Genuine interstellar grains are found in meteorites (Clayton & Nittler 2003), but, because present search techniques rely on isotopic anomalies, the grains that are found are limited to those formed in stellar winds or ejecta. Theoretical studies of grain destruction by supernova-driven blastwaves lead to estimated grain lifetimes of only ~ 2 - 3 × 108 yr (Draine & Salpeter 1979; Jones et al. 1994); this, together with the large depletions typically seen for elements like Si implies, that the bulk of interstellar grain material must be regrown in the interstellar medium (Draine & Salpeter 1979, Draine 1990).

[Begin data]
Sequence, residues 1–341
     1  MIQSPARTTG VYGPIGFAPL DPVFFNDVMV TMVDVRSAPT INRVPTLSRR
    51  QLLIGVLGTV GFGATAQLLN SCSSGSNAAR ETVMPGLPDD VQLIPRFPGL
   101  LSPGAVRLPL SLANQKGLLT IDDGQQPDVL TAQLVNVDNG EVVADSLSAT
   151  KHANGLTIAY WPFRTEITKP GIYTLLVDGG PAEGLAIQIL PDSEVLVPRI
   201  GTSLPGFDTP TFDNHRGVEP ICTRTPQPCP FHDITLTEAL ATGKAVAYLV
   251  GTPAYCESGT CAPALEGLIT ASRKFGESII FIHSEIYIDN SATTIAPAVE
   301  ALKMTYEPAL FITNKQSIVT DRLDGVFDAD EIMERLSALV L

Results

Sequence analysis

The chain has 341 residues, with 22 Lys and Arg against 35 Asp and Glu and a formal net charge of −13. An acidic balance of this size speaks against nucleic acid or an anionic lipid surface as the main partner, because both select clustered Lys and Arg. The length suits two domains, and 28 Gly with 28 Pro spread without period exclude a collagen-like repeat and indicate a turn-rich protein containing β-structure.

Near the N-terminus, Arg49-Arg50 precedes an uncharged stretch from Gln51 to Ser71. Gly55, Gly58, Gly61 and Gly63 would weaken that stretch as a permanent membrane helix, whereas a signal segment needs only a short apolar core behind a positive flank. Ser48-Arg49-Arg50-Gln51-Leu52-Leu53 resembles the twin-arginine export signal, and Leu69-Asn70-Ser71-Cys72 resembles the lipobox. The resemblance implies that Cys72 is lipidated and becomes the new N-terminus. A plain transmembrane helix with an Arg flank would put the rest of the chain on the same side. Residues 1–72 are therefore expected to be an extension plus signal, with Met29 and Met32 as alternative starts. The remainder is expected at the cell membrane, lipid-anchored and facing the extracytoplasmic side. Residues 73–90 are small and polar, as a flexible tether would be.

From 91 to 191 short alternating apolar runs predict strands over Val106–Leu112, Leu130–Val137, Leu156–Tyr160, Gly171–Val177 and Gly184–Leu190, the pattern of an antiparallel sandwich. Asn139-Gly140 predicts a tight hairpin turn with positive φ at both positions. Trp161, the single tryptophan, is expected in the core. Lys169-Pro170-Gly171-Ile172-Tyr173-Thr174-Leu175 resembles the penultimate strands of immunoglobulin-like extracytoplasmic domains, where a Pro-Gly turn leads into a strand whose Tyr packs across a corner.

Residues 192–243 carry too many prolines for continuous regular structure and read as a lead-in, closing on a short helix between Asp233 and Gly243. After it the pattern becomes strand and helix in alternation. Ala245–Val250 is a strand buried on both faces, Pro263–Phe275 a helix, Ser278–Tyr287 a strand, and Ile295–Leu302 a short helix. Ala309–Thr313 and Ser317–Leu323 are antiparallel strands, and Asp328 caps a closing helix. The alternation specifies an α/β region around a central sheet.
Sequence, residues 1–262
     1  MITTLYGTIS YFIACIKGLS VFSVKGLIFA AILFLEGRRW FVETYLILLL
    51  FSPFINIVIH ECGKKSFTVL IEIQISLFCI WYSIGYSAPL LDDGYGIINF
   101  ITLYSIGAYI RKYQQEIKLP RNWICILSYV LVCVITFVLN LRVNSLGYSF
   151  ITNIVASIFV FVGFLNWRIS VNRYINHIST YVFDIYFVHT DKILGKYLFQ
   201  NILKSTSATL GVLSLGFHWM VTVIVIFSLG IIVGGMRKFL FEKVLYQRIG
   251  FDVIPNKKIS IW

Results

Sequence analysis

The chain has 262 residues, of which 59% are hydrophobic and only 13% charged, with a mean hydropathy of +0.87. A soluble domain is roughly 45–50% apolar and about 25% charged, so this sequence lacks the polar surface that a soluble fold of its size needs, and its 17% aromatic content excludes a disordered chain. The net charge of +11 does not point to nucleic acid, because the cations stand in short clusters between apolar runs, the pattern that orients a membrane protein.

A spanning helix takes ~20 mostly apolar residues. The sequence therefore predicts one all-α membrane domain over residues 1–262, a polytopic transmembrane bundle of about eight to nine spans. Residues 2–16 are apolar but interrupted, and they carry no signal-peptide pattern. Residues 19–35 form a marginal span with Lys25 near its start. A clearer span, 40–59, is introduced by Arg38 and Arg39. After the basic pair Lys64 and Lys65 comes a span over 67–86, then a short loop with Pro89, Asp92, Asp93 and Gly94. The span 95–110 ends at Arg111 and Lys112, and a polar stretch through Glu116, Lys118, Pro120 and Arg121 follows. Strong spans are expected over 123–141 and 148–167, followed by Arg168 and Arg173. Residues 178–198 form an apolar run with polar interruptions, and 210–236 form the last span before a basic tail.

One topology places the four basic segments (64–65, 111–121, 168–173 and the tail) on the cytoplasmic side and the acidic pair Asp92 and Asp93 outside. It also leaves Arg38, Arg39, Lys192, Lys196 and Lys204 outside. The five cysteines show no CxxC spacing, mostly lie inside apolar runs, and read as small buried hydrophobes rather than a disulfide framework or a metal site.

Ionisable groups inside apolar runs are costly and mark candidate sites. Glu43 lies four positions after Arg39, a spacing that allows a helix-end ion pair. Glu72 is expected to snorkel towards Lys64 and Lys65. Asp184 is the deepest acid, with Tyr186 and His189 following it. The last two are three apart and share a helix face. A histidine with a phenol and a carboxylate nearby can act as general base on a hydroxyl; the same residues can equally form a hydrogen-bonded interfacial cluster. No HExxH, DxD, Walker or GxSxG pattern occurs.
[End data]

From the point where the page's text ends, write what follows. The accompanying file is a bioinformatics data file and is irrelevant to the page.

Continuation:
Because the typical interstellar grains don't bear a distinctive isotopic signature, we don't know how to identify them in meteorites. We are therefore forced to study interstellar grains remotely.